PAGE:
St. John’s resident Deborah Mawhinney placed her poppy next to the many others, slowly turning the white cross a bright red.

Mawhinney said she attends Remembrance Day ceremonies every year, but noted extra significance this year.

“This year being 100 years since the end of the Great War, and thinking of the rise once again of nationalism…it’s important to remember past sacrifices, and hope to God we never have to do it again. Always be vigilant.”

Earlier story
Remembrance Day in St. John's

A large crowd gathered in downtown St. John’s this morning for the Remembrance Day parade and ceremony that began at the Sergeants' Memorial and made its way to the National War Memorial.

Lucy McDonald, 4, watched as the Remembrance Day parade marched from the Sergeant's Memorial to the National War Memorial in St. John's.
Lucy McDonald, 4, watched as the Remembrance Day parade marched from the Sergeant's Memorial to the National War Memorial in St. John's.

People gathered to remember all who have died in service and show respect for those who serve today.

This morning also marked 100 years since the official end of the First World War with the signing of the Armistice, “which turned the gunfire into silence,” said Rev. Ian Wishart in the ceremony’s closing prayer.

In attendance was Second World War veteran Leo Knox, 94, who served with the 166 Newfoundland Field Regiment as a dispatch rider.

He said he was there in support of his father, who was a veteran of the First World War and served in the navy for the entire duration of that conflict.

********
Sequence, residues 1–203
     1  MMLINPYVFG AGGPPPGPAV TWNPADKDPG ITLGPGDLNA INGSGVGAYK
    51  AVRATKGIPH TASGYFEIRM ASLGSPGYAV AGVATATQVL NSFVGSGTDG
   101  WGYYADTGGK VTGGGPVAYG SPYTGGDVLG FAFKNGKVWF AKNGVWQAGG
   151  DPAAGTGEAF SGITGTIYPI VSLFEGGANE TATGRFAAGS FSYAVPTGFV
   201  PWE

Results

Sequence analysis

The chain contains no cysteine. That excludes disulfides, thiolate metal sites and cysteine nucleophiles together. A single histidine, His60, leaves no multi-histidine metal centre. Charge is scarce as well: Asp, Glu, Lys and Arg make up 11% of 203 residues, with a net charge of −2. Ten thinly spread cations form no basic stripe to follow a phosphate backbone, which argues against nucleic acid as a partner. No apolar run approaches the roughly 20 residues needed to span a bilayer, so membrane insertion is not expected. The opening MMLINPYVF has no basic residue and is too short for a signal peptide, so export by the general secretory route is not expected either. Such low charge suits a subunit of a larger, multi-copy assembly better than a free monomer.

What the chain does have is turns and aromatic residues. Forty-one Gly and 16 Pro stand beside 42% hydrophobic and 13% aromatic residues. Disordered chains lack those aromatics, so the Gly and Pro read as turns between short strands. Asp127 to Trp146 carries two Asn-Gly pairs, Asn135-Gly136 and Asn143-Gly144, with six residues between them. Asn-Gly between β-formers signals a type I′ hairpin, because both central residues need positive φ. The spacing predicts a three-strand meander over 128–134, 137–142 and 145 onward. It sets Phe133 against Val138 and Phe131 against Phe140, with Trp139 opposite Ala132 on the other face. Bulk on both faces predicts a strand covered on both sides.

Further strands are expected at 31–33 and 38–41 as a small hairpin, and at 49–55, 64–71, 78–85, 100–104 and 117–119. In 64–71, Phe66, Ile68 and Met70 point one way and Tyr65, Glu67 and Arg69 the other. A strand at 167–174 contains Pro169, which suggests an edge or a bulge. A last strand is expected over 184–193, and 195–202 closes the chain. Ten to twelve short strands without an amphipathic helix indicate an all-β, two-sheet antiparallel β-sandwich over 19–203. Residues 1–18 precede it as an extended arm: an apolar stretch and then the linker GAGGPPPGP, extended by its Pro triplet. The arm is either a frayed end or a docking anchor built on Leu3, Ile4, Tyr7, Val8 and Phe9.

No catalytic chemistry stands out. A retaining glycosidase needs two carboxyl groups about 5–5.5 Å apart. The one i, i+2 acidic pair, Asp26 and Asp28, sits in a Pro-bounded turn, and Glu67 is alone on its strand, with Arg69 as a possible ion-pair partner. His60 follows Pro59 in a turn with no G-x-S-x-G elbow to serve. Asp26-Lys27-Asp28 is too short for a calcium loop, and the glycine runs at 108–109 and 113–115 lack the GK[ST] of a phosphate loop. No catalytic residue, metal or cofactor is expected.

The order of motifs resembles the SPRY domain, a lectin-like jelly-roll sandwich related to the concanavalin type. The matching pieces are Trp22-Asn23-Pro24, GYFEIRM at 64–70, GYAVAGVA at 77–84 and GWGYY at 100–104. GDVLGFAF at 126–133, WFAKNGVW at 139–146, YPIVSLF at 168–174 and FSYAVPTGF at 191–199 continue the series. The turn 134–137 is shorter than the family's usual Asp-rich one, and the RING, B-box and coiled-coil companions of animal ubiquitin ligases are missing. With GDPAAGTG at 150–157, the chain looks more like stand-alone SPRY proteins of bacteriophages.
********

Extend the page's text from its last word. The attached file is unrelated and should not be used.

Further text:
Knox had tears in his eyes as he spoke about his father.

“He was a war veteran of the First World War, and the boys were left over in the mountains in Italy and the plains of Africa.”

Knox said during the two minutes of silence he thinks of the millions of people who have died in war, and also thinks about young people today who have only known peace.

“I’m hoping they never have to face another war again – it’s atrocious.” 

Second World War veteran Leo Knox, 94.
Second World War veteran Leo Knox, 94.

Sitting in the front row near the National War Memorial a few seats from Knox was veteran Albert Wood, who served in Korea for 14 months.

“It brings back the past – friends that didn’t make it,” he said.                                           

At the end of the ceremony, many in the crowd left their poppies pinned to two crosses placed near the National War Memorial.

Veteran Albert Wood served in Korea for 14 months.
Veteran Albert Wood served in Korea for 14 months.

St. John’s resident Deborah Mawhinney placed her poppy next to the many others, slowly turning the white cross a bright red.

She said she attends Remembrance Day ceremonies every year, but noted extra significance this year.

“This year being 100 years since the end of the Great War, and thinking of the rise once again of nationalism…it’s important to remember past sacrifices, and hope to God we never have to do it again. Always be vigilant.”

Twitter: @juanitamercer_

Read more about today’s Remembrance Day parade and ceremony in The Telegram tomorrow.